Framework 7 proposes that, when clear consensus recommendations are made by any of the acceptable peer review groups, the information is clearly the best available and may be utilized by the Council in the management process for these three species. Similarly, when the consensus results of a peer review are to reject proposed changes to the stock assessment methods or the stock status determination criteria, Framework 7 proposes that the previous information on record would still continue to constitute the best available information and should be used in the management process.

When peer review recommendations lack consensus, are unclear, or do not make recommendations on how the information is to be used in the management process, Framework 7 proposes that the Council engage its SSC or a subset of the SSC with appropriate stock assessment expertise, to review the information provided by the peer review group. The SSC would then seek to clarify the information and provide advice to the Council to either modify, change, or retain the existing stock status determination definitions as the best available information for use in the development of management measures.

The process of how the Council utilizes its SSC may change in the future. The 2006 reauthorization of the Magnuson-Stevens Act requires each Council's SSC to provide ongoing scientific advice for fishery management decisions, including recommendations for acceptable biological catch, maximum sustained yield, achieving rebuilding targets, etc. Framework 7 does not contemplate how the Council may modify its management process to satisfy this requirement of the reauthorized Magnuson-Stevens Act, as guidance for so doing is still being developed by NMFS and the Council. Framework 7 does not bring this FMP into compliance with the new Magnuson-Stevens Act requirements, nor does it conflict with those requirements as it addresses a separate issue. Once appropriate guidance has been developed for complying with the new Magnuson-Stevens Act requirements, the Council's standard operating procedures and/or an amendment to the FMP may be enacted to clarify how the SSC will provide scientific advice for management decisions. Framework 7 will continue to pertain to the SSC's function in clarifying peer reviews on stock status determination criteria only. Under Framework 7, the primary peer review mechanism for northeast region stock assessments will remain the established NEFSC SAW/SARC process. The Council's SSC would only be utilized in the specific instances as previously outlined within the preamble of this proposed rule (see Guidance on Unclear Scientific Advice Resulting from Peer Review section). Both such peer review processes are consistent with the Office of Management and Budget's Information Quality Bulletin for Peer Review.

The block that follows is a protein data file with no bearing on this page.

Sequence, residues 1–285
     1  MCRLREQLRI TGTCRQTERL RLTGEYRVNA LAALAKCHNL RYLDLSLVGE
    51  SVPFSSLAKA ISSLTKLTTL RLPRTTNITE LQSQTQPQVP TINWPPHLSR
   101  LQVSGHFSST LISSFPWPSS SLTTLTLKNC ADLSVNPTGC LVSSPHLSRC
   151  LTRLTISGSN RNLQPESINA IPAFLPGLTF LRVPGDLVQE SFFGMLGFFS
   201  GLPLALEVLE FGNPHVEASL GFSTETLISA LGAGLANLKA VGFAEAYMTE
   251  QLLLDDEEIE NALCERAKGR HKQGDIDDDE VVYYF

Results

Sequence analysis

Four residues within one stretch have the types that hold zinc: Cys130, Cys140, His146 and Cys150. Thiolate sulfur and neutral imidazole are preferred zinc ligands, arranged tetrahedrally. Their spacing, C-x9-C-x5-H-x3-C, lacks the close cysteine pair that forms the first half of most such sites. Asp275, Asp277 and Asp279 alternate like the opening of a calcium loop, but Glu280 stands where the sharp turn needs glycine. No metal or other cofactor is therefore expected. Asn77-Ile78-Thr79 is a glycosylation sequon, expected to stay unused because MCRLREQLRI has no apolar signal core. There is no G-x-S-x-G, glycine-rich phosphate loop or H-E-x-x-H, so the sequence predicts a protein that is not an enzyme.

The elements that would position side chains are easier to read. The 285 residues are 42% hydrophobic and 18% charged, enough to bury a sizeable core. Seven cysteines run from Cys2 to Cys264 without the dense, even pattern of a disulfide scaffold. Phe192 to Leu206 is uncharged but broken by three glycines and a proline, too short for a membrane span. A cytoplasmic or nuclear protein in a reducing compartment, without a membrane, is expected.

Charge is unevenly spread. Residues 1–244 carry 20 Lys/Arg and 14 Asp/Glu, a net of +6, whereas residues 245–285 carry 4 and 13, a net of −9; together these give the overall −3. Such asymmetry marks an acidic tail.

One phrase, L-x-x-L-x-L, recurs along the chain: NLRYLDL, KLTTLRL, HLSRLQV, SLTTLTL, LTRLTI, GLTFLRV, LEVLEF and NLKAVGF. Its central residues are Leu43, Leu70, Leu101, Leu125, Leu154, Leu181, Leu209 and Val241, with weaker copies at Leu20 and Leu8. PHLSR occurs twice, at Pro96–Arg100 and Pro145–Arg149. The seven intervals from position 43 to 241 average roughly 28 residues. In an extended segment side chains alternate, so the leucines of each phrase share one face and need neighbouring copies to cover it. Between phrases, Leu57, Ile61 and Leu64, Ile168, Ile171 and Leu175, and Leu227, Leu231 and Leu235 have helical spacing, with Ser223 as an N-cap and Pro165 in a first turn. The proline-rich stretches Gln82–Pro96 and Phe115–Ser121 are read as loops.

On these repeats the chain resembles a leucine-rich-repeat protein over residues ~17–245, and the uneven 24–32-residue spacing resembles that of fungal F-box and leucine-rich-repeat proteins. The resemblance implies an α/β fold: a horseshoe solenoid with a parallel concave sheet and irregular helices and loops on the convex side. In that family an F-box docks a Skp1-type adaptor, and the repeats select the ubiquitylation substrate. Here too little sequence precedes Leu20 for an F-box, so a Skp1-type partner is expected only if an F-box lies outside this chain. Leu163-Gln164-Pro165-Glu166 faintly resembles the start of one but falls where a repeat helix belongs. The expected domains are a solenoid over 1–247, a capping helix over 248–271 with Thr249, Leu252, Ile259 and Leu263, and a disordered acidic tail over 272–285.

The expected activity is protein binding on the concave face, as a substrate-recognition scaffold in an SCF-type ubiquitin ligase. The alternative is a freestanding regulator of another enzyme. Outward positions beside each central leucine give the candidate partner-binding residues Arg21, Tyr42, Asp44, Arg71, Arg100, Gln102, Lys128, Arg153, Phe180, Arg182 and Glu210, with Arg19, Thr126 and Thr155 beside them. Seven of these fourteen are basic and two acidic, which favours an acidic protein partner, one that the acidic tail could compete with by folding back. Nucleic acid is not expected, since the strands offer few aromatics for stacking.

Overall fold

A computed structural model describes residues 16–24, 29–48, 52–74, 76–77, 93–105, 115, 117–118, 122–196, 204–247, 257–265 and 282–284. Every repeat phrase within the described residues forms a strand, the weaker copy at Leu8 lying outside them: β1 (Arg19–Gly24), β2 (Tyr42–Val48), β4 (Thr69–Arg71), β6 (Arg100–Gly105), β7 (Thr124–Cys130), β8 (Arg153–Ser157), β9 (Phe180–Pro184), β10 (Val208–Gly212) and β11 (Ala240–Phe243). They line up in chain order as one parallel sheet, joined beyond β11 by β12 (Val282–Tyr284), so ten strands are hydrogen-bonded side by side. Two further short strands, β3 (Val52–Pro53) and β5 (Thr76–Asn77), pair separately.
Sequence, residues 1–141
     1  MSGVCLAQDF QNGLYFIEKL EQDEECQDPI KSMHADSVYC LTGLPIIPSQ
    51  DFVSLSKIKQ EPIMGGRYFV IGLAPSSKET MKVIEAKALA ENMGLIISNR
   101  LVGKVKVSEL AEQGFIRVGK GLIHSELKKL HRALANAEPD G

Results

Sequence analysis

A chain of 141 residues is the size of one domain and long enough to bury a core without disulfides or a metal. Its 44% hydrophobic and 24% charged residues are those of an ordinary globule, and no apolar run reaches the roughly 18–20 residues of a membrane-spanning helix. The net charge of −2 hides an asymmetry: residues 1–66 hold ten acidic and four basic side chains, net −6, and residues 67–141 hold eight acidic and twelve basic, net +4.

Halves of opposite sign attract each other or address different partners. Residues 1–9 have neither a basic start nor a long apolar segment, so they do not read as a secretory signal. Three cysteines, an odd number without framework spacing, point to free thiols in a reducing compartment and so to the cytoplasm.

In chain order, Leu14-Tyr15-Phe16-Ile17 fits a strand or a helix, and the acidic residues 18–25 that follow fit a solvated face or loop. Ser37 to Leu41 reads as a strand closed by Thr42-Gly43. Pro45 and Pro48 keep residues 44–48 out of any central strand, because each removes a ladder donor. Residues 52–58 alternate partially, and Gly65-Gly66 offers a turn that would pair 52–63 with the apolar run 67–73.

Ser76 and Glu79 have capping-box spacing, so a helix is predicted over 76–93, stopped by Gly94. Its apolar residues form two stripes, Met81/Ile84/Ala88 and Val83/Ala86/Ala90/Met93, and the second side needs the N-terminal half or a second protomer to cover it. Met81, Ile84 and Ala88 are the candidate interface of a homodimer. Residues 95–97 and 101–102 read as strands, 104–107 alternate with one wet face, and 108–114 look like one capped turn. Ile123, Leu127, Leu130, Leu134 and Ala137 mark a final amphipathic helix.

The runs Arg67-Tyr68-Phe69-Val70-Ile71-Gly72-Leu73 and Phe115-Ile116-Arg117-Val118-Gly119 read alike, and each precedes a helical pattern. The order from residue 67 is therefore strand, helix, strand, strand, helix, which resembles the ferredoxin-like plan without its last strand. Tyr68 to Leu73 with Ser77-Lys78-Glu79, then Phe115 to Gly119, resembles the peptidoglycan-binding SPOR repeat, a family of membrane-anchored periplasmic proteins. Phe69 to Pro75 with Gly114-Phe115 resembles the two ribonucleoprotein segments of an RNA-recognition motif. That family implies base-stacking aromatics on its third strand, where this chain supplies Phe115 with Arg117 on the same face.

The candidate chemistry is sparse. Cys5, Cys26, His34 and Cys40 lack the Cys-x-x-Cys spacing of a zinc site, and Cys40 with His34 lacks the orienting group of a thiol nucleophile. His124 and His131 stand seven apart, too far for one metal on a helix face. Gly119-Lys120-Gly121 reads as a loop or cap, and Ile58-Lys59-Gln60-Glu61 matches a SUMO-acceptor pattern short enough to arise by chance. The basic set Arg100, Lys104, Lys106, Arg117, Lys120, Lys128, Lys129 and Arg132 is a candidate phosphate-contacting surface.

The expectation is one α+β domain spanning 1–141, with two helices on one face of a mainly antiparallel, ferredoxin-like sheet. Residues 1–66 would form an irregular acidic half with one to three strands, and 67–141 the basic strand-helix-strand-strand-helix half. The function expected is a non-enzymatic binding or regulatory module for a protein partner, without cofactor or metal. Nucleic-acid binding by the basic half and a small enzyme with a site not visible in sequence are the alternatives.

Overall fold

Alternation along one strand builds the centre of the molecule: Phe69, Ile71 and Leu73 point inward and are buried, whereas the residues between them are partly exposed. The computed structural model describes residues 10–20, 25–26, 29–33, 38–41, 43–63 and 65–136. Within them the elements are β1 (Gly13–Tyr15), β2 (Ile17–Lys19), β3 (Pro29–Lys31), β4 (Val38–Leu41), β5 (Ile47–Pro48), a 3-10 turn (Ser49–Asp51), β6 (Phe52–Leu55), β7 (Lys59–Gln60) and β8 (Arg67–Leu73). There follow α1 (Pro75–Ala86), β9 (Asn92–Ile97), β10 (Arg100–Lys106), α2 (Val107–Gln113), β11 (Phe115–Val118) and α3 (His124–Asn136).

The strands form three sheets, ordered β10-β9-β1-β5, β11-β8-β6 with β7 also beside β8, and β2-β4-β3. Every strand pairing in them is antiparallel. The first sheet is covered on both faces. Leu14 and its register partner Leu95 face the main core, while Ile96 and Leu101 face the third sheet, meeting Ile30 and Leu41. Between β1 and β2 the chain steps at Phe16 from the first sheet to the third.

The measures outlined above are the only changes proposed by the Council in Framework 7. The no action alternative examined by the Council is to maintain the status quo regarding the stock status determination criteria, which would require a framework adjustment or amendment to the FMP to effect changes to the definitions in Amendment 12, would leave the standards for peer review undefined, and would not specify how the SSC may be used to clarify ambiguous results of scientific peer reviews for these three stocks.

Classification

NMFS has determined that this proposed rule is consistent with the FMP and has preliminarily determined that the rule is consistent with the Magnuson-Stevens Act and other applicable laws.

This proposed rule has been determined to be not significant for purposes of Executive Order 12866.

The Regional Administrator has determined that this proposed rule is an administrative framework adjustment to the FMP and is therefore categorically excluded from the requirement to prepare an Environmental Impact Statement or equivalent document under the National Environmental Policy Act.

The Chief Counsel for Regulation of the Department of Commerce certified to the Chief Counsel for Advocacy of the Small Business Administration that this proposed rule, if adopted, would not have a significant economic impact on a substantial number of small entities.

This proposed rule deals only with how the best available, peer reviewed scientific information can be incorporated more quickly and efficiently into the Council's process for crafting management measures for the three species under the FMP. This is achieved by broadening the descriptions of the stock status determination criteria in the FMP so that updated and peer reviewed information can be more readily adopted for use in the management process. The proposed change is to how the stock status determination criteria are defined and does not propose any change to the existing determination criteria. Additionally, the framework identifies acceptable levels of peer review that must be satisfied before new or revised information is accepted as the best available science.

These are administrative changes to the FMP that serve to improve the quality of data used in management decisions, consistent with National Standards 1 and 2 of the Magnuson-Stevens Act. As such, the rule will not have significant direct or indirect economic impacts on small entities.

As a result, an initial regulatory flexibility analysis is not required and none has been prepared.

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Authority: 16 U.S.C. 1801 et seq.

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Start Printed Page 43590

Dated: July 31, 2007.

John Oliver,

Deputy Assistant Administrator for Operations, National Marine Fisheries Service.

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[FR Doc. E7-15211 Filed 8-3-07; 8:45 am]